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The US Military has deployed their clandestine spacecraft on a potential mission to a higher orbit.
Science & Health

The US Military has deployed their clandestine spacecraft on a potential mission to a higher orbit.

The X-37B spacecraft, operated by the U.S. military, was launched on its seventh mission from Florida on Thursday evening. This was the first time it was launched on a SpaceX Falcon Heavy rocket, allowing it to reach a higher orbit than previous missions.

The Falcon Heavy, consisting of three rocket cores attached, took off from NASA’s Kennedy Space Center at Cape Canaveral in a stunning nighttime launch broadcasted live on SpaceX’s webcast.

The takeoff occurred after a period of over two weeks of unsuccessful attempts and postponements. Three previous countdowns were cancelled due to unfavorable weather conditions and unspecified technical problems, causing the ground team to return the spacecraft to its storage area before resuming the launch on Thursday.

It came two weeks after China launched its own robot spaceplane, known as the Shenlong, or “Divine Dragon,” on its third mission to orbit since 2020, adding a new twist to the growing U.S.-Sino rivalry in space.

The X-37B mission, carried out by the U.S. Space Force through the military’s National Security Space Launch program, has been shrouded in secrecy with limited information released by the Pentagon.

The spacecraft, designed by Boeing, has a similar size to a small bus and looks like a smaller version of a space shuttle. Its purpose is to release different payloads and conduct experiments with technology during extended periods of orbit. Upon completing its mission, the craft returns to Earth by descending through the atmosphere and landing on a runway, similar to an airplane.

This spacecraft has completed six missions before, starting in 2010. The first five were launched into orbit using Atlas V rockets from United Launch Alliance, a partnership between Boeing and Lockheed Martin. The most recent launch was in May 2020, using a Falcon 9 booster provided by Elon Musk’s SpaceX.

Thursday’s mission marked the first launched aboard SpaceX’s more powerful Falcon Heavy rocket, capable of carrying payloads even heavier than the X-37B farther into space, possibly into geosynchronous orbit, more than 35,000 kilometers above the Earth.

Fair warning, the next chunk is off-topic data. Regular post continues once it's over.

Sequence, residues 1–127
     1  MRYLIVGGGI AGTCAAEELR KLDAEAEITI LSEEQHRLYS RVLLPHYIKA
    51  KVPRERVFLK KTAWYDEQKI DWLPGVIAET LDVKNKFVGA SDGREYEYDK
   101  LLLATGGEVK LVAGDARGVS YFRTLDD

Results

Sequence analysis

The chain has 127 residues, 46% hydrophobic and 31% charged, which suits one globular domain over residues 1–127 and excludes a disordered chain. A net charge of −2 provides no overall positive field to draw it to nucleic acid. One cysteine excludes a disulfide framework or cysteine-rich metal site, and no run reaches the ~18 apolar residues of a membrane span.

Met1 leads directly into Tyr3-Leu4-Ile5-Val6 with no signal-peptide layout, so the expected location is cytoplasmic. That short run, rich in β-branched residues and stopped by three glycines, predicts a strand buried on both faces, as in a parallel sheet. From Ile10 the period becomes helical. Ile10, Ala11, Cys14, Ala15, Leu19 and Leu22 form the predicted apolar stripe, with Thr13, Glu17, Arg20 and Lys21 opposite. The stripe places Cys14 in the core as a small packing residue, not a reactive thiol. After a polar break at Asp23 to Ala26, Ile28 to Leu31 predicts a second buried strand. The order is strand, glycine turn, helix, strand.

The X-37B, also known as the Orbital Test Vehicle, has previously only completed missions in low-Earth orbit, flying at heights lower than 2,000 kilometers.

New orbital regimes

The exact altitude that the spaceplane will reach during this mission has not been disclosed by the Pentagon. However, the Air Force Rapid Capabilities Office stated in a release last month that Mission No. 7 will focus on testing “novel orbital regions and conducting trials of upcoming technologies for space domain awareness.”

The X-37B is also transporting a NASA study on the impact of extended radiation exposure in space on plant seeds. This has significant implications for sustaining astronauts on long-term missions to the moon and Mars by developing the ability to grow crops in space.

On December 14, China’s Shenlong, which is also shrouded in secrecy, was transported to space using a Long March 2F rocket. This launch system is not as strong as SpaceX’s Falcon Heavy and is thought to have the capability of only delivering payloads to low-Earth orbit.

However, General B. Chance Saltzman of the Space Force stated in a press conference at a recent industry event that he anticipates China will launch their Shenlong spacecraft around the same time as the X-37B flight. He implied that this could be seen as a competitive action.

According to comments published in a U.S. aerospace journal, Saltzman stated that it’s not unexpected for the Chinese to have a great interest in our spaceplane, as we also have a great interest in theirs.

“These are two of the most observed objects in orbit while they are in orbit. It is likely not a coincidence that they are attempting to synchronize with us in terms of timing and sequence,” he stated.

The expected length of the most recent X-37B mission has not been disclosed, however it is likely to extend until at least June 2026, following the trend of progressively longer flights.

The final task stayed in space for more than two years until it landed again in November 2022.